Think about it. If she were still Senator Hillary Rodham, if she did not have the name recognition that comes from what she went through as Bill Clinton's wife, if she did not have his last name, would she now be one of the entrants, let alone one of the two finalists, in the Democratic Party's presidential primary process based on her "experience"? I don't think so.

What about her foreign policy "experience"? "I've traveled to 80 countries," she tells us. What she fails to tell us is what she did in those countries. Was she there as a U.S. Ambassador, embassy employee, military officer or even Peace Corps worker? As the United States' U.N. Ambassador? As a U.N. (or other international organization's) official? Was she engaged in negotiations of any kind -- whether on behalf of American corporations, improved trade relations, seeking the release of hostages, or to obtain treaties? So far as I know, the answer is "no" to all of the above. Correct me if I'm wrong, but I believe these were, for the most part, "showing the flag," publicity and ceremonial visits.

President Kennedy once introduced himself as "the man who accompanied Jackie Kennedy to France." Notwithstanding that exalted billing, I don't think Jackie Kennedy would have suggested even that role qualified her to run for president.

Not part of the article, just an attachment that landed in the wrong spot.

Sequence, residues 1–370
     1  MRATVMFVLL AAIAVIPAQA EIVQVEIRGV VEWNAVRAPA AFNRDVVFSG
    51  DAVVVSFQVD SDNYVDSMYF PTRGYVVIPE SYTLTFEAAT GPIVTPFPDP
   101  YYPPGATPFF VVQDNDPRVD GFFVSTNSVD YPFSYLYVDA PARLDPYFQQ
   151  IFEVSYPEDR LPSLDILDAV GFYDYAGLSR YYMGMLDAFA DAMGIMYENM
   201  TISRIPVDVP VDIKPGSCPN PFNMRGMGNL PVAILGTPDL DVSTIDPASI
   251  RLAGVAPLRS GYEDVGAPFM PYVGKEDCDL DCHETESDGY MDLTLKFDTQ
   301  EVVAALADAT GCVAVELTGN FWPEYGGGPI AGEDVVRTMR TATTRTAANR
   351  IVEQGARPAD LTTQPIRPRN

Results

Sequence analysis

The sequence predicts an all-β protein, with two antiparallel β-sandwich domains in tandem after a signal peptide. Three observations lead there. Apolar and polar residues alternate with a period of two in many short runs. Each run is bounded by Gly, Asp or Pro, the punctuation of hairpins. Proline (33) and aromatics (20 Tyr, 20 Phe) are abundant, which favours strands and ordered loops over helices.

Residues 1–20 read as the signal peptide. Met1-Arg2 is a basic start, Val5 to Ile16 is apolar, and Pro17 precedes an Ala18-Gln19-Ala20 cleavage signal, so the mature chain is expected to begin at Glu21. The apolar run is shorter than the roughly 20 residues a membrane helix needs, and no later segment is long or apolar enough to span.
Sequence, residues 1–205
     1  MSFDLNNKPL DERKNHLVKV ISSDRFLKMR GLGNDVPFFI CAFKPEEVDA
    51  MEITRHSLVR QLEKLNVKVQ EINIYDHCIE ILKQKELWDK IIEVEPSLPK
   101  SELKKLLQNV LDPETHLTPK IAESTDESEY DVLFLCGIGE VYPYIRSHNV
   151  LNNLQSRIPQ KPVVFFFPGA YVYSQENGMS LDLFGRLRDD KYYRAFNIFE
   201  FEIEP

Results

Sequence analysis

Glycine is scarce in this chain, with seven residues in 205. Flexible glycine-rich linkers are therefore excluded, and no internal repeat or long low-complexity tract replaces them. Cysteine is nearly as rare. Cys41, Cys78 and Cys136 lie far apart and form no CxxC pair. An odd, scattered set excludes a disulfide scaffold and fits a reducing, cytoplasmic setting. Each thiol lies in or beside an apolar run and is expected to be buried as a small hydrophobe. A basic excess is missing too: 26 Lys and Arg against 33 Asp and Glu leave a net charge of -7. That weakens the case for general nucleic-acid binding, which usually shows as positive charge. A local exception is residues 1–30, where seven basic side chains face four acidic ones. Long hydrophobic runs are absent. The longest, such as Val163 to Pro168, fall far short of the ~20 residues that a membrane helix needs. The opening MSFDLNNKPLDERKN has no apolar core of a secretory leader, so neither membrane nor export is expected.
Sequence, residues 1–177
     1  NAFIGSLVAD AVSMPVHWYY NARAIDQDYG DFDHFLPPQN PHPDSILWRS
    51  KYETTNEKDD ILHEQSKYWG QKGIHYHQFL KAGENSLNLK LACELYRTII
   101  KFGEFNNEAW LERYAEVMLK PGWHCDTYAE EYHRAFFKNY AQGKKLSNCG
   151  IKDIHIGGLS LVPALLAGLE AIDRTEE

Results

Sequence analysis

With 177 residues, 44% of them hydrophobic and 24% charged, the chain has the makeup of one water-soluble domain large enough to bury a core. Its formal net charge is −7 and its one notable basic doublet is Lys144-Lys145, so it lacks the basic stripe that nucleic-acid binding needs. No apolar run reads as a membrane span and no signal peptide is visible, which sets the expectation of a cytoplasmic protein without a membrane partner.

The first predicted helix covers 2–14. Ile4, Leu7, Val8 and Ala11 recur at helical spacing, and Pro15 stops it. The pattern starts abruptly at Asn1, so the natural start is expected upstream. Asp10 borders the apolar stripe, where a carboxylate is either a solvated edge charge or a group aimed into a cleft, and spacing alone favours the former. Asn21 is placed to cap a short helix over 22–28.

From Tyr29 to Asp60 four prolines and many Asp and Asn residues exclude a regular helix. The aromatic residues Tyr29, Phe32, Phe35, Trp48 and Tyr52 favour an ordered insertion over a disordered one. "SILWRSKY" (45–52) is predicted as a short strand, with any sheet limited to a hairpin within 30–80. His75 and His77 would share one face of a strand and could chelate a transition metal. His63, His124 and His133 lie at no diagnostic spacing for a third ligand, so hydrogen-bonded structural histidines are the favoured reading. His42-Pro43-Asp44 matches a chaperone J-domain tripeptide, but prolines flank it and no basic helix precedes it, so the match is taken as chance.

I've traveled to something like 40 countries. Some have been holidays -- although even then I often would call on public officials or others related to my work. Other trips have involved working with foreign officials on official government business. Frankly, I would not begin to suggest that my 40 countries made me half as qualified to be president as Senator Clinton's 80 countries. I wouldn't even suggest it would qualify me to be an Assistant Secretary of State.

Has her travel been of some marginal benefit in contributing to her understanding other cultures and nations? I would assume so. That's one of the values of travel -- for anyone who's sufficiently humble and observant. I just think she's making far, far too much of it.

I would never say any of the three senators is "unqualified" to be president. I just don't think any of them -- especially Senator Clinton -- can make the case that they do have the experience and qualifications to be president while one of the others does not.

I think the following "Saturday Night Live" sketch from March 8, 2008, puts in perspective Senator Clinton's portrayal of the alleged contrast between her experience and that of Senator Obama. (If you get an "error" message in using the video below, use the link above.)